Future work sampling more cities and generating genome-wide SNP data for these samples will help better assess the contribution of genetic drift to the evolution of HCN clines and nail down some of the environmental factors responsible for driving reduced HCN frequencies in urban populations. One such effort is the Global Urban Evolution Project, which has solicited help from ~550 scientists and collaborators from around the world to sample clover in their local cities. This large-scale parallel evolution project promises to provide insight not only into the evolution of HCN clines in cities, but more broadly into the ubiquity of phenotypic and genetic evolution in nature.
I’ll end on a cautionary note. Genetic drift is unlikely the main force driving reduced HCN frequencies in urban populations. Nonetheless, urban populations often experience increased drift and the type of non-additive genetics underlying HCN is a common genetic architecture in nature. Whenever traits arise via interactions among multiple genes, chance fluctuations in the frequency of any one gene may result in consistent changes in the corresponding trait. Therefore, in cases of repeated phenotypic evolution in cities (and otherwise), it’s important that drift be ruled out as a viable mechanism driving these parallel responses; parallel phenotypic evolution need not be the result of natural selection.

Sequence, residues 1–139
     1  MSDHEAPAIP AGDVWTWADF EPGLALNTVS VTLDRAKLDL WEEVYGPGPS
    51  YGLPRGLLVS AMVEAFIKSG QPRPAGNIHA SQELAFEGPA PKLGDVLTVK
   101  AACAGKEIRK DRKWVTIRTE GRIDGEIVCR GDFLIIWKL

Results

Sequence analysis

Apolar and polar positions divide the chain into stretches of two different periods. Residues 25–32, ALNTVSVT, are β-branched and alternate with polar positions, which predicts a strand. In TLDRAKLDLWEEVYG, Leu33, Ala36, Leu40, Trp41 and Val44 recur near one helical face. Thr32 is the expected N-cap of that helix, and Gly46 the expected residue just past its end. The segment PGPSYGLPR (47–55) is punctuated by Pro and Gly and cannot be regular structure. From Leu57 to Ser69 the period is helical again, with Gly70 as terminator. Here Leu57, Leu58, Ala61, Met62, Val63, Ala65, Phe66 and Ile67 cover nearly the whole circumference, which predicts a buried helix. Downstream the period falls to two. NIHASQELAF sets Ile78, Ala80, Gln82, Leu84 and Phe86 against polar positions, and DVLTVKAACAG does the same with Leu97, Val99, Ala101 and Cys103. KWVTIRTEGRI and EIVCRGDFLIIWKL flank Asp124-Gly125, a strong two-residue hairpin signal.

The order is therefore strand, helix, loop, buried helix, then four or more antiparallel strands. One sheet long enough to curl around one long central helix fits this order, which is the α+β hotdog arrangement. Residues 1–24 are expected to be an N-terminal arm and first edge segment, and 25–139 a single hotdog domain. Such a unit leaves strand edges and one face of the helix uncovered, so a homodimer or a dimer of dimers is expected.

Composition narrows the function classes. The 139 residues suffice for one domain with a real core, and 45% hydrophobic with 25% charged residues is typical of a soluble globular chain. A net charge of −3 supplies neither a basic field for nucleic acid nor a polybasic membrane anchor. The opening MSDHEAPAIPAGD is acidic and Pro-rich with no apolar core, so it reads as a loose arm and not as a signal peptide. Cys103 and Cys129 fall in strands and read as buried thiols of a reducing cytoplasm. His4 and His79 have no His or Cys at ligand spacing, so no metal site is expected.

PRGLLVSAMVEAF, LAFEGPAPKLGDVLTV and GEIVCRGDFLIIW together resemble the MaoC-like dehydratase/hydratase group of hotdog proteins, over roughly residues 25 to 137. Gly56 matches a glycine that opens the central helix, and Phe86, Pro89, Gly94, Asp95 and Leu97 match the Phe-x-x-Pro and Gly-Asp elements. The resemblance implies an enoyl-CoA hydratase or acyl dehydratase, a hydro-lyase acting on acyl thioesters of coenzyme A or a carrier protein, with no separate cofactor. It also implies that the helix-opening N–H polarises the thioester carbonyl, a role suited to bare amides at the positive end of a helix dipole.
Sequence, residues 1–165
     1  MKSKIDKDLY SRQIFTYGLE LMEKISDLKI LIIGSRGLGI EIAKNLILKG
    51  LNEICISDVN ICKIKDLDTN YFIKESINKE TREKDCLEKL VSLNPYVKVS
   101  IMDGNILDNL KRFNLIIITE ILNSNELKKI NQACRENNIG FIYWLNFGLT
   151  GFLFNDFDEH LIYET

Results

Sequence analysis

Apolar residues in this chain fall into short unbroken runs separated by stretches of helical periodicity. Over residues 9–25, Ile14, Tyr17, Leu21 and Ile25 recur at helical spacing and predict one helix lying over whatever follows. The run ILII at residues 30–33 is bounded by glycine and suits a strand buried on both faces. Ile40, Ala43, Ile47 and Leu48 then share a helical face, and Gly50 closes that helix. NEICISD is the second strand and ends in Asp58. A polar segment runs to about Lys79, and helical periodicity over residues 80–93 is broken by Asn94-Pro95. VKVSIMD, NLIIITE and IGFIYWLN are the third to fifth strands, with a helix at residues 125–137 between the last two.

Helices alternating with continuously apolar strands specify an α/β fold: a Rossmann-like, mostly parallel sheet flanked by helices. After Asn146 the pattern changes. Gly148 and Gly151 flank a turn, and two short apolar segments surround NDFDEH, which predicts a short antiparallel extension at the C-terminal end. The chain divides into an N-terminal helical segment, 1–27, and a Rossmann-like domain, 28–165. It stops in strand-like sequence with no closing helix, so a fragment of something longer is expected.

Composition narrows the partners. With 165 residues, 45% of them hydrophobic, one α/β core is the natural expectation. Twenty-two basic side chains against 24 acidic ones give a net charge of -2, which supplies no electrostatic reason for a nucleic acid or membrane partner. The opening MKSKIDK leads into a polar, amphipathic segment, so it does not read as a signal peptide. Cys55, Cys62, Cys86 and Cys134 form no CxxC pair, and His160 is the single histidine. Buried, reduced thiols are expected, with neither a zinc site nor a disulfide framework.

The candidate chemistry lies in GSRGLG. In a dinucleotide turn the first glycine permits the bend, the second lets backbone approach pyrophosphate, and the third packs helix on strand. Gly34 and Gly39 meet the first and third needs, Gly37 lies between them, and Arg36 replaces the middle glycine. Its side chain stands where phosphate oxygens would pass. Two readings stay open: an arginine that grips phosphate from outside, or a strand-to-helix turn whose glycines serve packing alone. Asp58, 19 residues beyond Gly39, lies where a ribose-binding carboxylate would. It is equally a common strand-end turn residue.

About the author:
James is a PhD candidate in the Department of Ecology and Evolutionary Biology at the University of Toronto with prof. Marc Johnson and prof. Rob Ness. He is broadly interested in parallel evolution — the recurrence of similar phenotypes and genotypes due to adaptation to similar environments or via other evolutionary processes (e.g. genetic drift). He uses white clover evolving in cities as a model for testing fundamental questions about the ubiquity of parallelism in nature. You can read more about his work here and check out some of his code here.